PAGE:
Spike Lee didn’t plan Chi-Raq’s release to coincide with a year in which the number of mass shooting on record surpassed the number of days in the year thus far . Nobody could have expected that days before the film’s release, the shooting in San Bernadino, Calif., would push the gun debate to (another) boiling point, with cries for legislative action in addition to the frequent “thoughts and prayers” of politicians.
That most people are Chi-Raq with the shootings in California fresh in their minds is a coincidence — one which makes the film’s message all the more immediate.
Chi-Raq is a satirical drama, a modern retelling of the ancient Greek Lysistrata. In Lee’s version of the story, Lysistrata (Teyonah Parris of Dear White People) is the girlfriend of Chi-Raq (Nick Cannon), a rapper and gang leader on the south side of Chicago. He’s also in the midst of a war with Cyclops (Wesley Snipes), the leader of a rival gang. When a young girl in the neighborhood is killed by a stray bullet, Lysistrata rallies women affiliated on both sides of the gang war to demand peace by denying their men sex.
What starts as a protest becomes a movement, taking the city of Chicago and the world by storm.
“If some of those people in that community center had what I have in my back pocket right now …,” he said while being interrupted by louder cheers and clapping. “Is it illegal to pull it out? I don’t know,” he said, chuckling.
“I’ve always thought that if more good people had concealed-carry permits, then we could end those Muslims before they walked in,” he says, the rest of his sentence drowned out by loud applause while he said, “and killed them.”
“I just wanted to take this opportunity to encourage all of you to get your permit. We offer a free course,” he said. “Let’s teach them a lesson if they ever show up here.”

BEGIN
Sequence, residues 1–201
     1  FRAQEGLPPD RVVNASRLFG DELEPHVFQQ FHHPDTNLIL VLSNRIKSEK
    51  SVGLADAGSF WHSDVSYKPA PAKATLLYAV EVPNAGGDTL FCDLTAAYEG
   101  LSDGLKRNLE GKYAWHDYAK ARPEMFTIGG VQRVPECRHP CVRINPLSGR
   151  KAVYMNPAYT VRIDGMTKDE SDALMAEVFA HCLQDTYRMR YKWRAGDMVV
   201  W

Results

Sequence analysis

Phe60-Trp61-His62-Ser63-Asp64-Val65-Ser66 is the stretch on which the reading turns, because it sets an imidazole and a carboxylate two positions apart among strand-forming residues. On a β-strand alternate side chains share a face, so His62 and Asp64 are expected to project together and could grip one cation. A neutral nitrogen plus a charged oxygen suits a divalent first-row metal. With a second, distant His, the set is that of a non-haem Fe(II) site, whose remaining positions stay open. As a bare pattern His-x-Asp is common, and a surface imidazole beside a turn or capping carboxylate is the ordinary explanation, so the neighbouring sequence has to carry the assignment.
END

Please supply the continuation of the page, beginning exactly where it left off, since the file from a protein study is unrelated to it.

A Christian leader, at one of the most influential evangelical colleges, told a basketball arena full of 18–22 year olds to get guns and carry them around in their back pockets in order to take on any radical Muslims that might make their way down to Lynchburg, Va.
“We can’t just blame it on the brokenness of the world, pray for peace, and move on, worried that anything more will be seen as politicizing tragedy. What is tragic is that those who have the ability to DO something about this crisis refuse to offer more than simplistic sentiments on Twitter before getting caught in a circular argument about our rights as Americans. It’s time for people of faith to respond.”
Because: NRA. “Researchers from federal agencies including the Centers for Disease Control and Prevention (CDC) and the National Institute of Health (NIH) have largely been mum on the public health issue of gun violence — not by choice, but because of a 20-year-old congressional ban on federally funded gun violence research.”
Chicago Mayor Rahm Emanuel said Thursday that the city would release dashcam footage of a Chicago police officer shooting 25-year-old Ronald Johnson III in the back. The shooting happened eight days before officer Jason Van Dyke shot and killed 17-year-old Laquan McDonald.
Actual tweet: "I just learned there is a Black version of 'The Wizard of Oz' called 'The Wiz.' How is this not racist?" Oy.